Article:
Harris helps med pot research push
Congressman says stance against recreational use remains
Special from the Star Democrat
— U.S. Rep. Andy Harris (R-1st District) is part of a group of bipartisan congressional leaders who want to loosen the federal barriers to medical marijuana research.
Harris, a physician who has also conducted National Institute of Healthsponsored r esear c h , and several other federal lawmakers plan to introduce bills in both houses of Congress.
According to Harris’ office, the House version of the bill would address two major barriers faced by those who want to conduct legitimate medical marijuana research. It allows for the private manufacturing and distribution of marijuana solely for research purposes, in order for the researchers to get the pot
they need for their studies. It also aims to reduce approval wait times for studies.
Harris was criticized by marijuana legalization advocates in late 2014 and early 2015 when he successfully included a measure in a federal spending bill that effectively blocked the District of Columbia from legalizing up to 2 ounces of marijuana — something approved by D.C. voters through a ballot measure. Harris’ measure, however, did not impact medical marijuana in D.C.
“Our drug policy was never intended to act as an impediment to conducting legitimate medical research,” Harris said in a statement released Monday. “We need
empirical scientific evidence to clearly determine whether marijuana has medicinal benefits and, if so, how it would be used most effectively.”
The proposal comes after 25 states, including Maryland, have approved medical marijuana provisions.
The U.S. Drug Enforcement Administration is currently considering rescheduling marijuana. It is currently a Schedule I drug, meaning the agency does not consider it to have any medical benefits, and considers it to have a high potential for abuse. Marijuana shares the same schedule classification as heroin, LSD, ecstasy and peyote.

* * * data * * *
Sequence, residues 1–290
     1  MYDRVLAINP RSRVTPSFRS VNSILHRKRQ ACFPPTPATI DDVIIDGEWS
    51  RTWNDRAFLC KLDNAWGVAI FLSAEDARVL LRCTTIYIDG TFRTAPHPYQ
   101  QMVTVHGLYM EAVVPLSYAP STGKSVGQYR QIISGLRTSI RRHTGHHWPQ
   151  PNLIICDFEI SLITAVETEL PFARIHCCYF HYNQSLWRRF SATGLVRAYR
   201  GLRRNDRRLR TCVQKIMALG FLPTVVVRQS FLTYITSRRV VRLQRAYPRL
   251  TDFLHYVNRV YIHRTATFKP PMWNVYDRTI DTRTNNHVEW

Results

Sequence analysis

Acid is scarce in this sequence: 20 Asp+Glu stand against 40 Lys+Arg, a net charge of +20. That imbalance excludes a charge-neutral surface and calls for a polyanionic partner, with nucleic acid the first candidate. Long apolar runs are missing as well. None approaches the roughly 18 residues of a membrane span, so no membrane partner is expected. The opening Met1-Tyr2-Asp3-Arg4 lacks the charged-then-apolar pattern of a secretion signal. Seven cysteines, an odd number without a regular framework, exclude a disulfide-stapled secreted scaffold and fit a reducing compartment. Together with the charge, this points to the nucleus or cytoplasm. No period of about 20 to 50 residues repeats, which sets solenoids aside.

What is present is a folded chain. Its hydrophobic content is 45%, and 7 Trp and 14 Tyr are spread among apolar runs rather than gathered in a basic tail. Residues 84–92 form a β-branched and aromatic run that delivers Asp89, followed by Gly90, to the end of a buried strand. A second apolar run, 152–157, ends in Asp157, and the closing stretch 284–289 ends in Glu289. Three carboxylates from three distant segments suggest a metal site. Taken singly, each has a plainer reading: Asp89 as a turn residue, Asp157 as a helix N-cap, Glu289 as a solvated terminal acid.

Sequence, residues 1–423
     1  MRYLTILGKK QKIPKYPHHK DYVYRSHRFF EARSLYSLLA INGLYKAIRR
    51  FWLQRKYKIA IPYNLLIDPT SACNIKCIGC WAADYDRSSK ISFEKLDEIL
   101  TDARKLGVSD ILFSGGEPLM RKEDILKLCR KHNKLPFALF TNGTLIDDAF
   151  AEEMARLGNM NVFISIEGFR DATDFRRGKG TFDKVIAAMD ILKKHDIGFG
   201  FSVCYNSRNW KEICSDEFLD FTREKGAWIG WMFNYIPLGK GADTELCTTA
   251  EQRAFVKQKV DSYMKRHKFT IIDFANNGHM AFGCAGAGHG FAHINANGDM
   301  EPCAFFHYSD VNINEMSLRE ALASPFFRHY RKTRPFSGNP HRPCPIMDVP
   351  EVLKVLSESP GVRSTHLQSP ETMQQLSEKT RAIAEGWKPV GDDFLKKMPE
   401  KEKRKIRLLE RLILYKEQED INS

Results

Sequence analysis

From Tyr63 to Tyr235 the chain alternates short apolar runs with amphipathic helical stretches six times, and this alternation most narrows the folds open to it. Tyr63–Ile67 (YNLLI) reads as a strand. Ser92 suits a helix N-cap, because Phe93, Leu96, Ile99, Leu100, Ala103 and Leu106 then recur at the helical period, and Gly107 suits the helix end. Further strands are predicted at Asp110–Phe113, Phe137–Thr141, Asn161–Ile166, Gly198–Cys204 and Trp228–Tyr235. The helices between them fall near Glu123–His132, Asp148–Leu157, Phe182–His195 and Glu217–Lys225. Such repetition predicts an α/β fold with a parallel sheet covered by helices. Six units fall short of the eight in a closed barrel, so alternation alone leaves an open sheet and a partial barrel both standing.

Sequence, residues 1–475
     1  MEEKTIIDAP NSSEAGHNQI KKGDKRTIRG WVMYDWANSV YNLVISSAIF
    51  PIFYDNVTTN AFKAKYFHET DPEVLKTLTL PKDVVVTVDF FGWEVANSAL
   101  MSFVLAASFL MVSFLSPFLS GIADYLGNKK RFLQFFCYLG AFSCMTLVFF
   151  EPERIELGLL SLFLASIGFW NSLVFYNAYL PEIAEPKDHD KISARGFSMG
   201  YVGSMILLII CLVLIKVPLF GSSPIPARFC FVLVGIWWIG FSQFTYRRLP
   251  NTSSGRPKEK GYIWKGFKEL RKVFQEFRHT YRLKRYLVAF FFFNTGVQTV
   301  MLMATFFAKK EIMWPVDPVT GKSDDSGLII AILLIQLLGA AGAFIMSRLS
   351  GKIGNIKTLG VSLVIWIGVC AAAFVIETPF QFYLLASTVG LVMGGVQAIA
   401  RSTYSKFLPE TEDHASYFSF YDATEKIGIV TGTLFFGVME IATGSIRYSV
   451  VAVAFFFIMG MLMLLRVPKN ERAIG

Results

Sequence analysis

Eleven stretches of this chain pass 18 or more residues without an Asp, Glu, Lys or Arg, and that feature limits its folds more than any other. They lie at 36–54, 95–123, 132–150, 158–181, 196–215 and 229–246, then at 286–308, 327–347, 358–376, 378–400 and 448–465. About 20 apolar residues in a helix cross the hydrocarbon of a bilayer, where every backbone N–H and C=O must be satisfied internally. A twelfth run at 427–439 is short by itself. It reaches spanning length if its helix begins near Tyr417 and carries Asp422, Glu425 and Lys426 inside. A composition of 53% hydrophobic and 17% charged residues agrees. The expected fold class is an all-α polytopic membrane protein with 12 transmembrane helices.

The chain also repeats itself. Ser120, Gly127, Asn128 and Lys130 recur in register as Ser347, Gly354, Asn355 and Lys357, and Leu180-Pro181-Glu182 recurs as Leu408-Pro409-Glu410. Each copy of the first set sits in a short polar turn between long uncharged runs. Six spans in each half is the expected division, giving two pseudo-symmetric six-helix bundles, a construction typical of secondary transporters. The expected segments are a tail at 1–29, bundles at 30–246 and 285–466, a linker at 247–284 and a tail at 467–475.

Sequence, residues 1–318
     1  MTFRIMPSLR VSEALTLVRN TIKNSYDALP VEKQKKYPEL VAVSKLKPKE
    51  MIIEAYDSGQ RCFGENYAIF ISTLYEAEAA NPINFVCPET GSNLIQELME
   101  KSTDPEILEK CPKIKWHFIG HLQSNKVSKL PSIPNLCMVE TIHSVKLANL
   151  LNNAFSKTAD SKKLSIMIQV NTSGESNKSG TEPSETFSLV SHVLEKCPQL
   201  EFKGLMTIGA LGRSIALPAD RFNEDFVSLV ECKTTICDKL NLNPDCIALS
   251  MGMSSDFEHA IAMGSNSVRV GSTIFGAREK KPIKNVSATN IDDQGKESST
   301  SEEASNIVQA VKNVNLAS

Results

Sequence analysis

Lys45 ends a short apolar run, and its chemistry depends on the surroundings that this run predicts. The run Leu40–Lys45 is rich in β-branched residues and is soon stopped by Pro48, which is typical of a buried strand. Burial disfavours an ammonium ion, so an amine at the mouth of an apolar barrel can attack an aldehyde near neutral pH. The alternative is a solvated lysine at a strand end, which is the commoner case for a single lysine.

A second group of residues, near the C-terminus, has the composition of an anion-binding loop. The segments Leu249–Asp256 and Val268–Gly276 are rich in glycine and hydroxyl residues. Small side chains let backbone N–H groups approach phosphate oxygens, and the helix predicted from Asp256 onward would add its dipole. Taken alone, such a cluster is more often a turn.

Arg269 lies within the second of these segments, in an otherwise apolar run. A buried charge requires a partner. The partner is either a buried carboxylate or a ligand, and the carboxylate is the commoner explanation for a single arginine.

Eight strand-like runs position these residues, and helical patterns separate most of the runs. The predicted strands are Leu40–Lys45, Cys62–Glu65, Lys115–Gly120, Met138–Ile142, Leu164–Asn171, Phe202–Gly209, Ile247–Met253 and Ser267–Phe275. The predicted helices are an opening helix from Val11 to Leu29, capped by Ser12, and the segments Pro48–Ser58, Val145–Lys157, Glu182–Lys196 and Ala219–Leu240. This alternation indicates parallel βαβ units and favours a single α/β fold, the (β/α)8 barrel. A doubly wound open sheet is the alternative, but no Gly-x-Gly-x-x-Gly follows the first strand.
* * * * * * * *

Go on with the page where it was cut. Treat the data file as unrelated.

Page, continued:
Harris said his issue with marijuana has always been routed in recreational use. As for using marijuana for medicinal purposes, Harris
said the question is still out there on what specific illnesses — beyond a handful of known benefits to those who suffer with illnesses including cancer and glaucoma — it could help treat.
He said that, to date, a lot of talk over which diseases marijuana is said to have beneficial impacts on has been anecdotal, hypothetical or exaggerated — that the bonafide medical evidence mostly is just not there.
“This in no way changes my opinion at all of legalization of recreational marijuana,” Harris said. “And I think that we owe it to patients who have illnesses ... the medical research that would show whether or not marijuana is just a false promise or whether it actually has the efficacy to treat their medical diseases.”
He said it’s especially
important to find what diseases marijuana could specifically help treat, if any, considering all the states that are moving toward legalizing medical marijuana, so any policy decisions are based on sound research.
“Before we go and we greatly expand the availability of medical marijuana, we probably ought to do the research into exactly which diseases is (marijuana) the preferred treatment, or useful treatment,” he said.
The bill wouldn’t require the DEA to reschedule marijuana, but changes the rules for doing research on the Schedule I drug. If it is found through research that marijuana is useful for certain conditions, then the House version of the bill allows for private drug companies to produce it, just like any other treatment, Harris said.
The bill is also being sponsored by Oregon Democrat U.S. Rep. Earl Blumenauer, Virginia Republican U.S. Rep. H. Morgan Griffith and California Democrat U.S. Rep. Sam Farr. They plan to introduce the bill into Congress this week, according to a Monday release.
“Despite the fact that over 200 million Americans now
have legal access to some form of medical marijuana, federal policy is blocking science. It’s outrageous,” Blumenauer said. “We owe it to patients and their families to allow for the research physicians need to understand marijuana’s benefits and risks and determine proper use and dosage.”
Economist Anirban Basu discusses the economy with members and guests of the Susquehanna Workforce Network on Friday.